With the proliferation of fake Chinese coins a problem in numismatics industry, it is a good idea to understand how to tell these fakes from the real coin. The following video from silveragecoins.com shows some of the basics that anyone can use to examine coins to determine if they are real or not:
I like the computer-generated voiceover!
If you are uncomfortable trying to detect whether a coin is counterfeit or not, you might consider the following:
- Buy from a reputable dealer who has return and/or buy back policies.
- If you buy raw coins and have questions, ask that the coin be examined by a third-party grading service (e.g., NGC or PCGS). You may be asked to pay the grading fees. Some dealers may charge a service fee for submitting coins on your behalf.
- If you own coins that you may have questions about, either bring it to a dealer for an opinion or submit the coin to the third-party grading service yourself. NGC and PCGS have membership services to allow you to directly submit coins for authentication and grading. Members of the American Numismatic Association can register to directly submit coins to NGC.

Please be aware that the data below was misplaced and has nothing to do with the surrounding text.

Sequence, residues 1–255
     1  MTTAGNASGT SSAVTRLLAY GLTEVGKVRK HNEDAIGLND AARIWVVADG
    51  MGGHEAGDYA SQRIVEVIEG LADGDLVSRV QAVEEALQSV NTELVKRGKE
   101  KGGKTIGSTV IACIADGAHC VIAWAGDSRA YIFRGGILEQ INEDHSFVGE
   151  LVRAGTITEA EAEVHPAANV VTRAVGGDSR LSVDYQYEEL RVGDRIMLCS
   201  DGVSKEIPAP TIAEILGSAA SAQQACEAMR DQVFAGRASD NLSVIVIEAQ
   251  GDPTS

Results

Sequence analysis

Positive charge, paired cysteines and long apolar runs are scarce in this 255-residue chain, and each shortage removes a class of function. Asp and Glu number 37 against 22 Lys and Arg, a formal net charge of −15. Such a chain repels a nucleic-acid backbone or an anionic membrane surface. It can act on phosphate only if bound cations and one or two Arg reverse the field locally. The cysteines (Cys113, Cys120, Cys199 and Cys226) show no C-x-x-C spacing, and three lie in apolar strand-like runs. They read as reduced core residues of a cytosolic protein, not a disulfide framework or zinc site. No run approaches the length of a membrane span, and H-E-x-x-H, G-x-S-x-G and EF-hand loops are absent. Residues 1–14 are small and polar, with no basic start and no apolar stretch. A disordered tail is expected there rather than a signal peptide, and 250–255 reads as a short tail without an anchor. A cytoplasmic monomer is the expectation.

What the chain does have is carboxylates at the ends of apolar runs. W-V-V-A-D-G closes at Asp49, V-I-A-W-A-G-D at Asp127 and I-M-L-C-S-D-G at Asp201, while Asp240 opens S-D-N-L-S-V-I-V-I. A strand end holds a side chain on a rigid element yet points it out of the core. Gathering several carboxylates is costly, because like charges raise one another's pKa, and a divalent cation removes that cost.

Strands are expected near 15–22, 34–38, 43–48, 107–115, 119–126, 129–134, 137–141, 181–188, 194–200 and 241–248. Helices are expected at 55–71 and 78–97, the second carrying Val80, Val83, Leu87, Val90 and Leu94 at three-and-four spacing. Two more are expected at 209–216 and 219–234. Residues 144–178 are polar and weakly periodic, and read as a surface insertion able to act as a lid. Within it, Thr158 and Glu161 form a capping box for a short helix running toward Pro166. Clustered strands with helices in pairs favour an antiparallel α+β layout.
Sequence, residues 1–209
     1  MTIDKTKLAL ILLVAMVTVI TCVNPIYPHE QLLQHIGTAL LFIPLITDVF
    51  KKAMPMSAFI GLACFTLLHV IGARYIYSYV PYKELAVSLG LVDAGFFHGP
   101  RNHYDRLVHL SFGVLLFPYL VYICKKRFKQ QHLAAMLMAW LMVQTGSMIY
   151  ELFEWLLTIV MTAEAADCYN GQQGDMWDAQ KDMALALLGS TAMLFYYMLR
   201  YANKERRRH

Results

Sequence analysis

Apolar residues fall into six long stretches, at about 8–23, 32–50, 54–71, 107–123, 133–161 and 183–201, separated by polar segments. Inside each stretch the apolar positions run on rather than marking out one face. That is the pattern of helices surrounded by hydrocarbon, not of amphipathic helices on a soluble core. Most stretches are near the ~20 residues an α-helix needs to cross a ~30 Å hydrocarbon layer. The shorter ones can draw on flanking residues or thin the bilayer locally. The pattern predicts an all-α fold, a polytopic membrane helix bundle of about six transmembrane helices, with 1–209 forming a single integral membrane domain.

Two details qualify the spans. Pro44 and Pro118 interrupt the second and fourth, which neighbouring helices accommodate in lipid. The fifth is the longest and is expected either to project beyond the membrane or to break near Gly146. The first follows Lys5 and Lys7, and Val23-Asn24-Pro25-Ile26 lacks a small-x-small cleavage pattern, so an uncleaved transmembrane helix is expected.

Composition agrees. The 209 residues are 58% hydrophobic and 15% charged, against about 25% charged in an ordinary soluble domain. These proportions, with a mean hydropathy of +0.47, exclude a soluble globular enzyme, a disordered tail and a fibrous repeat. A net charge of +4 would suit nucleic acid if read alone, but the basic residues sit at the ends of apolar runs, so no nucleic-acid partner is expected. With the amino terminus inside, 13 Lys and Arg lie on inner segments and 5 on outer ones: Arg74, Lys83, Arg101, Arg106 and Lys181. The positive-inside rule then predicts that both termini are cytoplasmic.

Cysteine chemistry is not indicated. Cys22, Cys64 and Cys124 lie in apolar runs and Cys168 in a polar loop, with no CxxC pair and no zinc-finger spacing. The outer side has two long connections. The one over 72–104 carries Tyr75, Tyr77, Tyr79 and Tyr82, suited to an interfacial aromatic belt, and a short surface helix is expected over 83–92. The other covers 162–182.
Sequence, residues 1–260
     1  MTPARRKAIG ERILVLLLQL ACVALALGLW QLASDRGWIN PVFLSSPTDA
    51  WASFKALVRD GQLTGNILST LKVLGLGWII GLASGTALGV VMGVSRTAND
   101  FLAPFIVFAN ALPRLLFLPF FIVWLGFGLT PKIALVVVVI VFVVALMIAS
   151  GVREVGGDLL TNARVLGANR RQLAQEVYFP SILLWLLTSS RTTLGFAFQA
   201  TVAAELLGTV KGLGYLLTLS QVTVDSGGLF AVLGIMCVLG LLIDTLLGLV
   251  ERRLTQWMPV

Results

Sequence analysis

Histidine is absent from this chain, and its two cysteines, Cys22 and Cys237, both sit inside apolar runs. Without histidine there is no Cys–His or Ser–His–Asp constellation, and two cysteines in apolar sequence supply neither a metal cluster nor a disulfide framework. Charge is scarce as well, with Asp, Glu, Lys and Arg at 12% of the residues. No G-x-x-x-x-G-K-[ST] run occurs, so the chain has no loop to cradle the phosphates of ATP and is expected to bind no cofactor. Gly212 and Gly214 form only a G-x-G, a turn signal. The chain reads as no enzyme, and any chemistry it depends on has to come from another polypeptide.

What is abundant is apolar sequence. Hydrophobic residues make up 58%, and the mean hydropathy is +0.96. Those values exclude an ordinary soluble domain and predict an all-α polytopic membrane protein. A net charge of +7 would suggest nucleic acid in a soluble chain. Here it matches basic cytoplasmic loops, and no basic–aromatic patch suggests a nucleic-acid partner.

- If you are buying through an online auction and you have any question about the coin, you are better off not trying to purchase it than trying to deal with returns. While there are quite a few reputable dealers who sell on these sites, it may take more than a month for the process from purchase to refund to occur. During that time, you will not have access to this money.
Remember, caveat emptor (let the buyer beware): without a warranty, the buyer takes all of the risk.
For sellers, caveat venditor (let the seller beware): unless you expressly disclaim any responsibility, you will be held liable if the item is not true to its specification.
Now let’s go and have fun collecting!